Beef heart is very lean, therefore it has a bit of a tougher texture, something similar to a well done steak, but it remains fairly tender, still… honestly, it has an extremely agreeable texture.
And the flavor? It’s NOTHING like I expected. It has an extremely mild and delicate flavor, somewhat close to that of roast beef.
As skeptical as I was, I can now honestly say that I am totally sold on beef heart. So far, as far as offal and organ meats are concerned, it is by far and without a doubt my ultimate favorite. I actually look forward to eating the other one, now. And I think I’ll be revisiting this exact same recipe. Because yes, it was that good!
I dare you to give it a try!
Mushroom and Spinach Stuffed Beef Heart
- 1 - 3.85lb large beef heart
- 6 thick slices of bacon, cut crosswise into 1/2" pieces
- 1 medium yellow onion, chopped
- 1 lb button mushrooms, chopped
- 2 cloves garlic, minced
- 1 tsp Himalayan salt
- 1 tsp freshly ground black pepper
- 1/2 tsp ground Ceylon cinnamon
- 1/4 tsp freshly grated nutmeg
- 1/2 lb fresh spinach leaves
- Rinse the heart well under cold running water and pat it really dry.
- Cut the heart open (if your butcher hasn’t done that already) and remove any visible strings, arteries and blood vessels that may have been left behind; trim off excess fat, if any. Set aside.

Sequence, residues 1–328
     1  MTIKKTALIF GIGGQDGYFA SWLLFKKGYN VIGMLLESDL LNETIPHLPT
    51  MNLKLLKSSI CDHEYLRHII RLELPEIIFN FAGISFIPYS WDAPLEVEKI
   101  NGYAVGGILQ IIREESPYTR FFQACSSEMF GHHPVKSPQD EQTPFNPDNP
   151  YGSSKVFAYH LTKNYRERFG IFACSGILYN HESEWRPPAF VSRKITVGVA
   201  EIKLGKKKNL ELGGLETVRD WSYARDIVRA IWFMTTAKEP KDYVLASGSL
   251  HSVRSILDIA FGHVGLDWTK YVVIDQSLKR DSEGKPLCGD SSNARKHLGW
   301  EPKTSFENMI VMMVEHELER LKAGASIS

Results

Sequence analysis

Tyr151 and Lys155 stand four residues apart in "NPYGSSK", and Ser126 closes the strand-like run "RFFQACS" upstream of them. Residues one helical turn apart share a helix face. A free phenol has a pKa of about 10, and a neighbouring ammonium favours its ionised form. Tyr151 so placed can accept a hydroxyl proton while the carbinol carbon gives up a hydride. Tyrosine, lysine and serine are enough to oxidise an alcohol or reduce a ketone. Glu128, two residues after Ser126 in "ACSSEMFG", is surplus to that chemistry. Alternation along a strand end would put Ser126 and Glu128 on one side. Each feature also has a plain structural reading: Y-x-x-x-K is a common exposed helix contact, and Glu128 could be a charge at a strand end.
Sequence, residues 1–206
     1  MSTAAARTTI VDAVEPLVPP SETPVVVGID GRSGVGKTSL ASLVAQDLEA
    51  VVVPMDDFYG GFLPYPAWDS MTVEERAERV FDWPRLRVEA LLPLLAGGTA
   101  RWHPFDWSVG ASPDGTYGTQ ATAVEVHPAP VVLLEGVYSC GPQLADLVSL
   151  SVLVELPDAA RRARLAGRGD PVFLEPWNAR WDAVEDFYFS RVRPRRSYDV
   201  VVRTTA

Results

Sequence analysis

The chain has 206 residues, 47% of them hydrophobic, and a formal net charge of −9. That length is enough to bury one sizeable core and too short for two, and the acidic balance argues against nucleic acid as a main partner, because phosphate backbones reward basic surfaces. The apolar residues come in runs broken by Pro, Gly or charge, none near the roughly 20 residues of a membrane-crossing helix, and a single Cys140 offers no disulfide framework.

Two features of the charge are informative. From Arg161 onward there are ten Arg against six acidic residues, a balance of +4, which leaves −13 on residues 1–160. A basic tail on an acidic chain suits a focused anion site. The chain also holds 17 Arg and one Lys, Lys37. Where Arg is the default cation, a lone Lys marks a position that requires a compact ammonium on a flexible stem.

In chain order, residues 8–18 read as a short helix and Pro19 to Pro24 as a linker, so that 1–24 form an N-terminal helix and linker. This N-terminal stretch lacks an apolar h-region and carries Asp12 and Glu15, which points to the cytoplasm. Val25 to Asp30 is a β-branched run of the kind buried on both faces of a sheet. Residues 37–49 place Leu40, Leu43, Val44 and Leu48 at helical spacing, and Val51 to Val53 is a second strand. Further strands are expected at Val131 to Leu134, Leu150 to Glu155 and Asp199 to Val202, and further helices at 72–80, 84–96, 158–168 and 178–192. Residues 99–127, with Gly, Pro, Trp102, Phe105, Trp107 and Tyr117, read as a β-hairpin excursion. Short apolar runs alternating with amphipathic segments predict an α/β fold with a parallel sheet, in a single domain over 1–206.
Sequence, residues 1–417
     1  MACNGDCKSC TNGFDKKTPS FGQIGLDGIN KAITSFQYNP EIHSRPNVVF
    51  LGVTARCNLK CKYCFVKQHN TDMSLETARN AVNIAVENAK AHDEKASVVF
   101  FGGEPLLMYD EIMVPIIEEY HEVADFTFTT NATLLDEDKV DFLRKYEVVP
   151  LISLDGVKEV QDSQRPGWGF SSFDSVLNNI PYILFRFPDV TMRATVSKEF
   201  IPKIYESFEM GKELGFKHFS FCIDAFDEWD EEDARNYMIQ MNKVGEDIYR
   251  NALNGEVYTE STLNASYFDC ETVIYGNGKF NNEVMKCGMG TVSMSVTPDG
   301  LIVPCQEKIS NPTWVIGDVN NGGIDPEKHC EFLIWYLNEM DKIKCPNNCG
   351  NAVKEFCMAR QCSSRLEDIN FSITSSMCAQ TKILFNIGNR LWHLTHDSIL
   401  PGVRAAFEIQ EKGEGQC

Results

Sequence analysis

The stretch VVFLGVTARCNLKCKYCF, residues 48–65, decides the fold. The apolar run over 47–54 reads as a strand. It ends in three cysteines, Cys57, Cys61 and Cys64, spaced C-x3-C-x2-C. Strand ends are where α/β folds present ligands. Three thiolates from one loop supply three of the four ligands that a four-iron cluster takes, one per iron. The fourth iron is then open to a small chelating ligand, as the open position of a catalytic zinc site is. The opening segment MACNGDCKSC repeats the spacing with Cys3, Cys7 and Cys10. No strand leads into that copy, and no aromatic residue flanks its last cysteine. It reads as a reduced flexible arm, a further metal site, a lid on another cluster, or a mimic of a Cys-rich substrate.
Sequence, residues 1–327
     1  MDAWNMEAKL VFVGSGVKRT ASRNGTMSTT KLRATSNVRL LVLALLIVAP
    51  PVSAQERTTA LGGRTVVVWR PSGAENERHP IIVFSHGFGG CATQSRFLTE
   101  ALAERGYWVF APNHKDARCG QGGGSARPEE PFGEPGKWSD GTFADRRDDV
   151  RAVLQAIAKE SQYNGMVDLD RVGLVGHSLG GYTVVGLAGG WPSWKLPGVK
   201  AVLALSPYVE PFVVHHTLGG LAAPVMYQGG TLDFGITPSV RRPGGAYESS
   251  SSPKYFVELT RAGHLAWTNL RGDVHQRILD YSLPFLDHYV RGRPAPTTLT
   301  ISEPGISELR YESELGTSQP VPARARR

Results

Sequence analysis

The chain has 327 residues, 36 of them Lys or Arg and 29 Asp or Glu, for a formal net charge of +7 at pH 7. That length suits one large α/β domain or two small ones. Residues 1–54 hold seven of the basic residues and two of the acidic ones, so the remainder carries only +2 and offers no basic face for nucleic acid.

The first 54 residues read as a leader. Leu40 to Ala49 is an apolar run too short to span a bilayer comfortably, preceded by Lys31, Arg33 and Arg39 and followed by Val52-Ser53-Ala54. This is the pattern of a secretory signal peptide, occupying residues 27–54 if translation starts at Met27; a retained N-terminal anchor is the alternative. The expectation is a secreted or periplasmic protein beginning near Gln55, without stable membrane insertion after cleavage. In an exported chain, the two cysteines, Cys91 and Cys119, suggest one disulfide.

- In a large skillet set over medium heat, cook the bacon until nice and crispy then remove it to a plate but leave the fat in pan.
- Add the onion, mushrooms salt and pepper to the pan and cook until softened and fragrant, about 4-5 minutes. Stir in the cinnamon and nutmeg, then throw in the spinach, crispy bacon and chopped garlic. Stir well until the spinach is completely wilted and continue cooking until all the liquid at the bottom of the pan has evaporated. Let cool for a few minutes.
- Preheat your oven to 275°F
- Lay the beef heart fatty side down on a work surface; spoon the stuffing over it and spread it all the way to the edge. Roll the beef heart and tie it up with a few strands of butcher's twine. You might want to run one piece across lengthwise and 2 to 3 pieces crosswise. (if you end up with a little too much stuffing, hang on to it: you can reheat it later in a small skillet and serve it alongside the roast)